“It was all of a sudden like we had this juggernaut, eight-man team,” Khan said. “These four guys could really use a mouthpiece and, for Eddie, it’s a great chance to establish him as a great wrestler, but also as a great manager with this great stable as its leader.”
Now at the helm of this heel faction, Kingston insists being signed to a major promotion hasn’t affected who he is because his mindset remains indie.
“I’m not going to forget where I came from,” Kingston said. “When I go on Twitter and see a guy from the independents doing something different and cool, I’m going to tell people about it. One of my main problems with Mox is that he didn’t use his popularity or social media with all of his followers and everything to put over places that he used to be at or people he used to run with. So I still have that outlaw, independent mindset. To me, that’s what AEW was built on. That’s why I think I would be the perfect champion for them because I have the outlaw spirit, just like [AEW executive vice presidents] the Bucks, Kenny [Omega] and Cody do. They did things their way and now look where they’re at.”
Seeing firsthand how the pandemic has affected the industry, Kingston knows how fortunate a position he is in and empathizes with those looking to navigate their way through this precarious period.
“It’s killing them,” Kingston said of the independent scene. “Like I said, I had to sell my gear, my wrestling gear, to pay for my mortgage and Lord knows how long that was going to last. I was selling T-shirts and old 8x10s just to make the payments. And when I made the payments, I felt like I was 20 years old again, just eating peanut butter, ramen noodles, white rice and eggs. So it’s really hurting a lot of guys and it’s stopping a lot of guys’ momentum. A lot of these guys are not getting paid well for the one or two shots that they’re doing a month. To survive on the independents when I was making a living off of it, you had to do a Thursday show, a Friday show and Saturday and Sunday shows. You had to do at least four shows a week. So these guys aren’t getting that, and Lord knows that they’re not making a lot of money because the independent companies aren’t making a lot of money, either. It’s really hurting them.”
His opponent on Saturday, Moxley, cut his teeth in many of the same promotions Kingston did, coming up at the same time. While Kingston remained with those promotions, Moxley left CZW at the end of 2010 to sign with the WWE where he spent much of the next decade as Dean Ambrose and held the WWE Championship. But Kingston says that Moxley doesn’t provide a window into what could have been for him, had he joined a major promotion at the same time Moxley did.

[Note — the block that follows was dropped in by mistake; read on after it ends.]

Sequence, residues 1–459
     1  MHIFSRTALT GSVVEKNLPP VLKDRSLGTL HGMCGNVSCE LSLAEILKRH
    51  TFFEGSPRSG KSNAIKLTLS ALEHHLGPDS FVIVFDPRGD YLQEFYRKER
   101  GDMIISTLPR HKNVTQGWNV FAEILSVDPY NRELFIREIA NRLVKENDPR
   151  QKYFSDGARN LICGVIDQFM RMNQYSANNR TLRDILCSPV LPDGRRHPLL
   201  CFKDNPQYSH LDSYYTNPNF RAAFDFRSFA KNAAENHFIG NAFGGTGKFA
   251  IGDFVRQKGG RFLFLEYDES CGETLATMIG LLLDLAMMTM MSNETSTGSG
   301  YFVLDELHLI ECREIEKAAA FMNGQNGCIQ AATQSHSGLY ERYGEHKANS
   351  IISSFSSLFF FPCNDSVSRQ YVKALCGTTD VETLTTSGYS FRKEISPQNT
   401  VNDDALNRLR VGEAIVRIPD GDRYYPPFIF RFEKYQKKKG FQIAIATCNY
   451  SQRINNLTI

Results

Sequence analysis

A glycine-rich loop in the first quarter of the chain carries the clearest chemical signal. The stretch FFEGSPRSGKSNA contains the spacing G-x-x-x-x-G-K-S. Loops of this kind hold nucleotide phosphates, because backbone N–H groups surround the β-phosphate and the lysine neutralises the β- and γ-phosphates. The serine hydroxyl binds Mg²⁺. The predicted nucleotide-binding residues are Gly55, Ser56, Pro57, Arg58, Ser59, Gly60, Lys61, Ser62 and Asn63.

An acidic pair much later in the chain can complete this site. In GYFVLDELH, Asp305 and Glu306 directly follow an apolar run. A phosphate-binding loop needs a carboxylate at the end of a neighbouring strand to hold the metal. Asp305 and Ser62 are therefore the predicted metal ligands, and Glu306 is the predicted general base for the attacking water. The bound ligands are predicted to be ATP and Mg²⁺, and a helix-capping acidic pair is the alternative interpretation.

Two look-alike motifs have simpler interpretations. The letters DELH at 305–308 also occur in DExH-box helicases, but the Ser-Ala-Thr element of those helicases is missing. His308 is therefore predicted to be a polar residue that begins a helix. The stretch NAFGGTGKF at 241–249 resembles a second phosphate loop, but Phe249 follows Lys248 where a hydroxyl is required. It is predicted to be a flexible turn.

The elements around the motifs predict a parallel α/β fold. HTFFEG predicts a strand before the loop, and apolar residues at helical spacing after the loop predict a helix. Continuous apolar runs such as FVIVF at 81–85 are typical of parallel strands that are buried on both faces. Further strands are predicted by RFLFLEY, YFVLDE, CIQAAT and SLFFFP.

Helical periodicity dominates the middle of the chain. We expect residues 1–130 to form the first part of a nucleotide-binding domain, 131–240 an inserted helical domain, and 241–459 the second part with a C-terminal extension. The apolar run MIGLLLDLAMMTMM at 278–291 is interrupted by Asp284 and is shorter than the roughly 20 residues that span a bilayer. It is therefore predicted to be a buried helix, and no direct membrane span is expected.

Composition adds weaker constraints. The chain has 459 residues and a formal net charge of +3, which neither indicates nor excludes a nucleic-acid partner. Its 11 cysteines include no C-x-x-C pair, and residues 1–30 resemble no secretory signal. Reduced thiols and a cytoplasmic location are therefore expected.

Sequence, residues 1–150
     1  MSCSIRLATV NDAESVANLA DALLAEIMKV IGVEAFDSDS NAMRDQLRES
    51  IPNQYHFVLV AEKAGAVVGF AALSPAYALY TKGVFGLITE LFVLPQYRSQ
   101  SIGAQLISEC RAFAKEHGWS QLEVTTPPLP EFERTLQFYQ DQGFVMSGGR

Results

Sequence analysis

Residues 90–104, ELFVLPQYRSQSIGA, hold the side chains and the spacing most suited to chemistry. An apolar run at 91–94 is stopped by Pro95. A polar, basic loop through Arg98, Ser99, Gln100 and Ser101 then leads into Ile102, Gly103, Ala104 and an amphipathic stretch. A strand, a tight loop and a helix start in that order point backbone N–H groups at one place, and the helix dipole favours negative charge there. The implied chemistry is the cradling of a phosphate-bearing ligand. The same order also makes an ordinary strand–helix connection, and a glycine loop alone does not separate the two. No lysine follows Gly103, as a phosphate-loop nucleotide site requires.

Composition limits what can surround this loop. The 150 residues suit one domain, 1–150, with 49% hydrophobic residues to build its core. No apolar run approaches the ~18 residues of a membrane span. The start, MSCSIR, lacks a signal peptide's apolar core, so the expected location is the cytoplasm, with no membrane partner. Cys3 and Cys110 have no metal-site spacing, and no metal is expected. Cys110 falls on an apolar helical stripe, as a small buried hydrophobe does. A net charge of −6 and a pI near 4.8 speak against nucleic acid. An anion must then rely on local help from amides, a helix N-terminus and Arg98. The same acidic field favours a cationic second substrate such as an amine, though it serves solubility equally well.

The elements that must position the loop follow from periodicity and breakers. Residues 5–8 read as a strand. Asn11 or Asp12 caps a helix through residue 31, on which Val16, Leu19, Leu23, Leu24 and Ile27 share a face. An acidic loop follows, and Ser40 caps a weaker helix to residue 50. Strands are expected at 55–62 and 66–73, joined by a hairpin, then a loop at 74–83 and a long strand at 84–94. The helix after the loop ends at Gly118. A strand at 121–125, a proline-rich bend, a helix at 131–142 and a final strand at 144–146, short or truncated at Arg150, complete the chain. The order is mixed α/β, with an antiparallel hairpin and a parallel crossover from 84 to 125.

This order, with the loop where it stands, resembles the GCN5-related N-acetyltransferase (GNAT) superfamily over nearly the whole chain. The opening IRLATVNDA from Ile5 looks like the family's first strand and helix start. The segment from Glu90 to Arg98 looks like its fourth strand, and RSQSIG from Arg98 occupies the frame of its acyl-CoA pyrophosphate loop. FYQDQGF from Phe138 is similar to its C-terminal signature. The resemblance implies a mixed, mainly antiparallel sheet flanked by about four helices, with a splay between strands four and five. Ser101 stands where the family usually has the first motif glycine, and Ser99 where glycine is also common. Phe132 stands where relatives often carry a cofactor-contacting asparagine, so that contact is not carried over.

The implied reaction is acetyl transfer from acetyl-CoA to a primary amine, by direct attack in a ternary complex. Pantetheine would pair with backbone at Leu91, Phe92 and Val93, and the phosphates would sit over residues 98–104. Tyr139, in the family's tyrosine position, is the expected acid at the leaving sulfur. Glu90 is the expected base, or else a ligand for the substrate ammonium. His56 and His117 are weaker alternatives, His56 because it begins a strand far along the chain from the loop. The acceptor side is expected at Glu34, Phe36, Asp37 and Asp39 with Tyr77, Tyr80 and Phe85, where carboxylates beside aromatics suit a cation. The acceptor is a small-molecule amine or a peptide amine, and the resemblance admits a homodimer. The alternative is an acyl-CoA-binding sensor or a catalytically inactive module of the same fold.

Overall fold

“No, because knowing me, I would have gotten fired three minutes in if I went when Mox went,” Kingston said. “Again, this is why I have a little bit of beef with Mox, because he started playing the game. I probably would have, at that point in time and especially at that age and what was going on in my life, gotten fired three minutes in because I wouldn’t bend. I wouldn’t have bent like he did.”
Kingston says that the version of himself currently signed to a major promotion has grown from the man that did battle with Moxley in a CZW ring in 2009, a man who wouldn’t have been ready for the spotlight.
“Me at 28 years old would have been done because I was so angry and hotheaded, just ready to go, because I believed everyone’s against me, all that,” Kingston said. “And that’s in real life and not just in wrestling. But now it’s different because I think more. I still believe everyone’s against me except for certain people, but now instead of just reacting, I think first.”
Something Kingston is still having trouble getting his head around is his skyrocketing profile and the fact that he’s about to main event a major PPV, something that he says won’t sink in for a while yet.
“Getting signed sank in just recently, maybe two months ago – that I’m in the top promotion in America right now,” Kingston said. “It just hit me two months ago, a couple months into the contract. So me main eventing a pay-per-view for the top company in the country, it’s not going to set in until maybe a couple of months from now because I’m just focused on getting there and doing my job and doing what I have to do.”
Kingston pulls no punches when it comes to the importance of the upcoming match with Moxley for his career – it’s the biggest bout of his life.
“If I sat here and said to you that I’m approaching it like every other match, I’d be lying to you,” Kingston said. “I can’t give you that stone-faced, Bill Belichick answer. I’m not going to lie to you and tell you that. No, this is the biggest match of my career. I’m not going anywhere. It’s AEW now or bust. It’s AEW, that’s it, and I’m just fortunate enough that it’s the top promotion in the country, so this is it right here – to be the AEW World Champion or nothing.”
Only a year removed from his future being shrouded in uncertainty, Kingston gets a chance to stake his claim as the best AEW has to offer on Saturday night at Daily’s Place in Jacksonville.